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Efficient milling and re-paving on historic Florence streets

First publishedin Caterpillar Paving News
Issue 1 2012
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Removing the existing, damaged surface
Removing the existing, damaged surface was the first step in the project
Maintenance of roads in historic districts is a challenge for communities around the world. The sanctity of the surroundings limits the amount of re-engineering and widening that can be considered. Improvement options typically are limited to repairs.

Yet repairs also have an impact. The historic areas usually attract tourists and their crucial economic contributions. If the street repairs create too much of an inconvenience, tourists are likely to avoid the area and a negative economic impact and a loss of goodwill with area merchants can easily result. But deteriorating streets that are not repaired also can impact travel, and reflect poorly on the community.

Outside visitors and merchants aren’t the only people of concern. The local residents who use the streets for their own purposes are also likely to be vocal over the condition and repair of roads.

Florence, Italy, found itself in a difficult balancing act. Streets in its District 5 were deteriorating rapidly. Yet the city couldn’t make comprehensive changes given the footprint of the roads in relation to the historical surroundings. Still, something clearly needed to be done.

Taking action

The city of Florence came up with an innovative plan. It gave Italian paving contractor AVR SpA complete control of street repairs in District 5. The initial contract ran for four months, and was then extended for two more months.

AVR monitored the roads in a variety of ways. Its own staff spotted trouble spots. It also created a 24-hour call centre that could be accessed by police, city workers and AVR staff who observed potholes and other obstructions. The reports of road problems were categorised as “emergency,” when action was required within 45 minutes, or “non-emergency,” which allowed crews to respond within three days.
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Removing the existing, damaged surface
AVR also conducted its own safety analysis of the road network to identify infrastructure dangers, and prioritised the work associated with its findings.

Viale Corsica work

One District 5 street, Viale Corsica, quickly became a priority project. The extent of the deterioration meant the road needed to be repaired, not simply patched.

The most urgent repairs were needed in the bus lane. The lane is crucial to travel for thousands in the district. The repair work would have to be completed quickly.

The bus lane is adjacent to other traffic lanes that had to remain open, meaning tight, maneuverable equipment was required. Yet the demands of the job meant productivity couldn’t be sacrificed.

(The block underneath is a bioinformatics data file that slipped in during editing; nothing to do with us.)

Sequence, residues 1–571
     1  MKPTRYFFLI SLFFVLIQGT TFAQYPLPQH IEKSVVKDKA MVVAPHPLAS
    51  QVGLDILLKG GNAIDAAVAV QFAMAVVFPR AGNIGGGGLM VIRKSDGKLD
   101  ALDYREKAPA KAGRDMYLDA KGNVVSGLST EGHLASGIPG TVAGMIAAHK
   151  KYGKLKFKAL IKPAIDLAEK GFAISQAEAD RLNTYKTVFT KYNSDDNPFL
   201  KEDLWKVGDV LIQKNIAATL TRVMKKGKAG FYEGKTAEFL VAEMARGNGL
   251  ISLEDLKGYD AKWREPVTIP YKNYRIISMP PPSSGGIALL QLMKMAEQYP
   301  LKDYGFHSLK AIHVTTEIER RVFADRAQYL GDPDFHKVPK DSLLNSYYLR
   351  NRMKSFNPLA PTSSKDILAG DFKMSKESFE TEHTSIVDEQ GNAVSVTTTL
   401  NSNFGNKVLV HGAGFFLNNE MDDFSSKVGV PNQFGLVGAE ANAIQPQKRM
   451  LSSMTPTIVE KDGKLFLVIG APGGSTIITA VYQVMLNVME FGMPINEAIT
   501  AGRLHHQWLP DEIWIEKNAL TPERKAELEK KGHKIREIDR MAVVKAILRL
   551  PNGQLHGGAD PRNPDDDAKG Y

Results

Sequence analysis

AVR turned to the Cat® PM200 Cold Planer to remove the existing, damaged surface; the Cat AP600D Asphalt Paver to place the new surface; and a Cat CD54 Tandem Vibratory Roller to ensure the new mat had the density required to support the projected loads for a long time.

“The intervention was not particularly difficult from a technical point of view, but posed some problems relevant to the need of working on the congested road at peak times, having to leave one lane open,” said Lorenzo Porciani, AVR Manager. “We milled and rebuilt 4cm of mat, about 350m long and 12m wide.”


• Work includes road building and maintenance.
• Handles commercial building construction.
• Sustainability efforts include reuse of asphalt during reclaiming process; also handles chemical and physical reclamation of polluted sites.
• Clients include a number of Italian governmental agencies.
• Operations in Lazio, Tuscany and Calabria, Italy; subsidiaries in Lombardy and Puglia.
AVR watched the Viale Corsica project closely, as did City of Florence officials. Work on that street was used as barometer of how the equipment would handle necessary repairs on other tight streets. The project was successful, and now medium to large interventions—those above 100m² of extension—will use five Cat machines: The PM 200, AP600D, CB34XW, CB434D and CD54.

“The machines were productive and able to function well within the limitations of the bus lane,” Porciani said.

Choosing a machine

AVR chose Caterpillar because of the machines’ productivity and the customer service support through Italian Dealer, CGT. A recommendation from another paving contractor also played a key role.

“We opted for a Caterpillar fleet, for the undoubted excellent features of the machines that were also praised by another important company with whom we worked in the past,” said Porciani. “We also appreciated the guarantees offered by a Cat Dealer such as CGT. From technical assistance to rental, if needed, we know we can count on them, with the great advantage of having a single point of contact for all needs.”
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Cat Paving machine

The final results

The machines performed well on the Viale Corsica jobsite. “Thanks to the high productivity of the Cat PM200, to the excellent qualities of paving and compaction of the AP600D and CD54, we finished in a day, and replaced the road signs the following day,” Porciani said.

The Cat machines continue to handle the more extensive District 5 repairs, while AVR also pursues other improvements such as pothole patching. The scope of the work has proven to be a success for both AVR and the City of Florence. In six months more than 5,000 potholes were filled in District 5, including 143 emergency patching projects. In addition, more than 84 milling and repaving operations occurred on 20 different district streets.

“For the toughest jobs, AVR relies on Caterpillar Paving machines and the Italian dealer CGT for service,” Porciani said.
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